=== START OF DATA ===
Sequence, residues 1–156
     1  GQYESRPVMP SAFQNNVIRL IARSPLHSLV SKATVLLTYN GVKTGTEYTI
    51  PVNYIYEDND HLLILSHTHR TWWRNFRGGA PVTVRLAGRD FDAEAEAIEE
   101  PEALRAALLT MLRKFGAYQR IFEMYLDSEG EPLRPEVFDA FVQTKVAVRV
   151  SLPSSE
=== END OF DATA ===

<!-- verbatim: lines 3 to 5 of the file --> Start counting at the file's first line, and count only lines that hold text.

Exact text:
    51  PVNYIYEDND HLLILSHTHR TWWRNFRGGA PVTVRLAGRD FDAEAEAIEE
   101  PEALRAALLT MLRKFGAYQR IFEMYLDSEG EPLRPEVFDA FVQTKVAVRV
   151  SLPSSE